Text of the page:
In this retrospective study from a veterinary clinic in Regina, Saskatchewan, 17 cases of feline cranial cruciate ligament
injury treated between 1997 and 2004 are described. In one group of nine cats, traumatic injuries (usually resulting from
falling) to the other stifle joint ligaments were also identified; the other group of eight cats had damage to the cranial
cruciate ligament only. These eight had not experienced a known traumatic event and were mostly indoor cats.
The cats in the traumatic injury group were younger (mean age of 7.5 years) and lighter (mean weight 12.1 lb [5.5 kg]) than
the cats in the atraumatic rupture group (mean age of 8.5 years; mean weight of 14.3 lb [6.5 kg]). All of the cats underwent
surgical treatments such as extracapsular fabellar sutures for replacement of damaged cranial cruciate ligaments, imbrication
or prosthetic reconstruction with screws and sutures for damaged collateral ligaments, or partial meniscectomy for torn menisci.
Twelve cats were available for short- or long-term follow-up (two months to six years) either by direct examination or telephone
contact with the owners. Limb function was rated as near or completely normal in these patients. All of the cats with traumatic
injuries developed clinical or radiographic signs of osteoarthritis.
The author concluded that although not as common as the canine lesion, degenerative cranial cruciate ligament disease does
exist in older, overweight cats and may be similar to the condition seen in older, overweight, small-breed dogs. Furthermore,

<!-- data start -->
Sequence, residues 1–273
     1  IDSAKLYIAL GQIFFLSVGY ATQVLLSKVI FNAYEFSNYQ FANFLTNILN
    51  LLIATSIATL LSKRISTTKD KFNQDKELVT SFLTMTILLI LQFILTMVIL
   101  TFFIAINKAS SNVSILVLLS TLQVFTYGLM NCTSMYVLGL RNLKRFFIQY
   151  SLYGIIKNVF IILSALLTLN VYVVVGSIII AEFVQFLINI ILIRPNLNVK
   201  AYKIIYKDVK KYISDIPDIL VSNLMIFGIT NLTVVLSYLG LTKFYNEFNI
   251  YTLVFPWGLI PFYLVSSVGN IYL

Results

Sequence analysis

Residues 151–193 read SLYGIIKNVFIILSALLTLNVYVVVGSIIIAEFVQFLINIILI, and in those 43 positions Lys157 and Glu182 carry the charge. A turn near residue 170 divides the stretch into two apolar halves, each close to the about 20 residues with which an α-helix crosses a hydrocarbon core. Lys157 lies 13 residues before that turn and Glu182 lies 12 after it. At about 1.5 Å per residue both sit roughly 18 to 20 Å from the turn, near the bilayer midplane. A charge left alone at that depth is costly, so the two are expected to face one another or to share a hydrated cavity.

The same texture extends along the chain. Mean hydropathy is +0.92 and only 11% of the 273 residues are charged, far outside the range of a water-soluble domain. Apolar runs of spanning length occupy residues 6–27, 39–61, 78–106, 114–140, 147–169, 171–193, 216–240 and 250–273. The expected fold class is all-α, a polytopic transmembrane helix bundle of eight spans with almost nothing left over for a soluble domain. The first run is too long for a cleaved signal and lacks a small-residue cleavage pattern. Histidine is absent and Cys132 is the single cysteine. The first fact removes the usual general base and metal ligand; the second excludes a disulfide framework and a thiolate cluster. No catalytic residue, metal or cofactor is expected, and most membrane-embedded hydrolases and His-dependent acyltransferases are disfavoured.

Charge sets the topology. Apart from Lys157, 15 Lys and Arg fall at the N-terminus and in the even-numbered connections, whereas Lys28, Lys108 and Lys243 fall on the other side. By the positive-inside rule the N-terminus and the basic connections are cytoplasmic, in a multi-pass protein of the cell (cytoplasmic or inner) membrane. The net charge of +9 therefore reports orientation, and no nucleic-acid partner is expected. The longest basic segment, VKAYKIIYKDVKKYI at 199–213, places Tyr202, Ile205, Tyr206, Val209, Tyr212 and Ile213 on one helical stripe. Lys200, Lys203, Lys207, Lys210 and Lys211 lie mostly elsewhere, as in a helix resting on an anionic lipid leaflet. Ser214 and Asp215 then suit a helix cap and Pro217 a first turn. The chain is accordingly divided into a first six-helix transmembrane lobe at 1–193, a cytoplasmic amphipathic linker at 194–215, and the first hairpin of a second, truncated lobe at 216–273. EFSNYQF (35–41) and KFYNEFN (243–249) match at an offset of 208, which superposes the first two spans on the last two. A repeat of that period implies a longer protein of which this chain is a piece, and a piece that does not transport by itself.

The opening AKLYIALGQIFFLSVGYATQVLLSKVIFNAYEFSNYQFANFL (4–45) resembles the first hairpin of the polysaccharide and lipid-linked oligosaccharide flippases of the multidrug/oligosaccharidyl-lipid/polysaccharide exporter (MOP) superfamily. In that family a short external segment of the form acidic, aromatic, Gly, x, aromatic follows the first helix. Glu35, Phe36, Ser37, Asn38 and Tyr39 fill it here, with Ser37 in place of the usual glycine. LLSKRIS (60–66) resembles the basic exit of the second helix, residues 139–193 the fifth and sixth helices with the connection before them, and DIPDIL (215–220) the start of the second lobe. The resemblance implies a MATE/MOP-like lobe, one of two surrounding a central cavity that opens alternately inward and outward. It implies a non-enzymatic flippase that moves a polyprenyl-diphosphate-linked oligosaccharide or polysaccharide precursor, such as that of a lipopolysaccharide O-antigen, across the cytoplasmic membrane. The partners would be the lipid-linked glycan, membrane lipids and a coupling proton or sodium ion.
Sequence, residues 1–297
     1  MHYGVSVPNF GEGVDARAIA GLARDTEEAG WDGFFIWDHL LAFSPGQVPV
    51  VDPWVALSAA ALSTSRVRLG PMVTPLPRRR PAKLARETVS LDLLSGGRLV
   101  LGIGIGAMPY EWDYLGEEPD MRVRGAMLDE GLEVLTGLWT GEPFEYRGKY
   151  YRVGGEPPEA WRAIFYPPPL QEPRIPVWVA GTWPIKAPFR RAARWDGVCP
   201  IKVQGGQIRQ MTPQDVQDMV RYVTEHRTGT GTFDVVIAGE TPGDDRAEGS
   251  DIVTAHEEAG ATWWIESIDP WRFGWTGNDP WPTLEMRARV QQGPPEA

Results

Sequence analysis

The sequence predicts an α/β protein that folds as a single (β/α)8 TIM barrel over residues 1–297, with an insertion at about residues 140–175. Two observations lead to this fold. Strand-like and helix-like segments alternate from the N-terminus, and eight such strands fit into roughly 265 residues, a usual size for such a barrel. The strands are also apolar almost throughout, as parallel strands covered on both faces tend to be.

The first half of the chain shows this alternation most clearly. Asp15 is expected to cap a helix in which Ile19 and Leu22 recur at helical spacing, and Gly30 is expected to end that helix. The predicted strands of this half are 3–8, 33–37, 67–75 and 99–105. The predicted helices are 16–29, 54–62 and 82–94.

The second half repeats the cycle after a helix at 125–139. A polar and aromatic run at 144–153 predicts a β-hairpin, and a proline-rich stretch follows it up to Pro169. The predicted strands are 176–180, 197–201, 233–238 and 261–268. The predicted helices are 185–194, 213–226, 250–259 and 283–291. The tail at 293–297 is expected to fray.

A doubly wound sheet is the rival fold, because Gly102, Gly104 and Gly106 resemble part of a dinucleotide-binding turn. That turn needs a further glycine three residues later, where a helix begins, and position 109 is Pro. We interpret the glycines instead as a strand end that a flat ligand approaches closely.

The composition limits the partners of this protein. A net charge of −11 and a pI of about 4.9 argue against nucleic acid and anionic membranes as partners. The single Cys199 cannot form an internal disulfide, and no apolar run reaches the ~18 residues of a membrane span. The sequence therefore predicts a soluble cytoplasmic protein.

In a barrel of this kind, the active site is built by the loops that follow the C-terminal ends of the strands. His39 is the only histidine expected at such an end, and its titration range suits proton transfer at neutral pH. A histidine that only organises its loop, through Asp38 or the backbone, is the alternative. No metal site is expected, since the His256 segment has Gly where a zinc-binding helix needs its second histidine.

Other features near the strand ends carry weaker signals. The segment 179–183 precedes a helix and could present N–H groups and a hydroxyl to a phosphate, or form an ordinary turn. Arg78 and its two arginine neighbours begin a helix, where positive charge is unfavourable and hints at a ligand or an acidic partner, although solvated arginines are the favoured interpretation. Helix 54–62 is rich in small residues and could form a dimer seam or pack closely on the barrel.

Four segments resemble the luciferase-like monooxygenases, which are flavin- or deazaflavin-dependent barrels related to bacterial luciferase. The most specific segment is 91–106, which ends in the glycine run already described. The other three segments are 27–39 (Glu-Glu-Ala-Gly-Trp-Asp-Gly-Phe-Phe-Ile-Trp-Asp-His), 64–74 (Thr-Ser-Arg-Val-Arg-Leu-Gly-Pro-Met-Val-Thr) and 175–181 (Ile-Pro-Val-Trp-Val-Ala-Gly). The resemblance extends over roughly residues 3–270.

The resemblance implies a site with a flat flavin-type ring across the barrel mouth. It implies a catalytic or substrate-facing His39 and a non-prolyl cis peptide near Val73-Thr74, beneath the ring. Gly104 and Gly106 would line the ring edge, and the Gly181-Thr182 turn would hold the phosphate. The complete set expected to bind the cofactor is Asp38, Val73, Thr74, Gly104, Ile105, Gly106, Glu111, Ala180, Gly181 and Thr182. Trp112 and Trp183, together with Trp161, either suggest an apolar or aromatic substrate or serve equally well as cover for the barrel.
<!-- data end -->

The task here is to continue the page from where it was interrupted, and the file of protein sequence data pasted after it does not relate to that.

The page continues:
the author thinks the stifle joints should be surgically stabilized in these patients similar to the nonconservative approach
used for traumatic stifle ligament injuries.
As the feline pet population increases, practitioners will be faced with treating more stifle joint injuries in cats. While
traumatic multiligamentous injuries affecting the cruciate and collateral ligaments usually require stabilization, acute exercise-induced
or chronic degenerative lesions of the cranial cruciate ligament may pose a challenge in regard to selecting treatment. Although
the author acknowledges the absence of nonsurgical controls, the results of this study suggest that surgical stabilization
should be pursued. It may be prudent for practitioners to recommend surgery for highly unstable joints, especially if concomitant
meniscal injuries are suspected. Although controlling a cat's exercise regimen or bandaging its limb is sometimes difficult,
if not impossible, some owners may prefer conservative therapy because it is financially appealing.
Harasen GLG. Feline cranial cruciate rupture: 17 cases and a review of the literature. Vet Comp Orthop Traumatol 2005;4:254-257.
The information in "Research Updates" was provided by Veterinary Medicine Editorial Advisory Board member Joseph Harari, MS, DVM, DACVS, Veterinary Surgical Specialists, 21 E. Mission Ave., Spokane,
Joseph Harari, MS, DVM, DACVS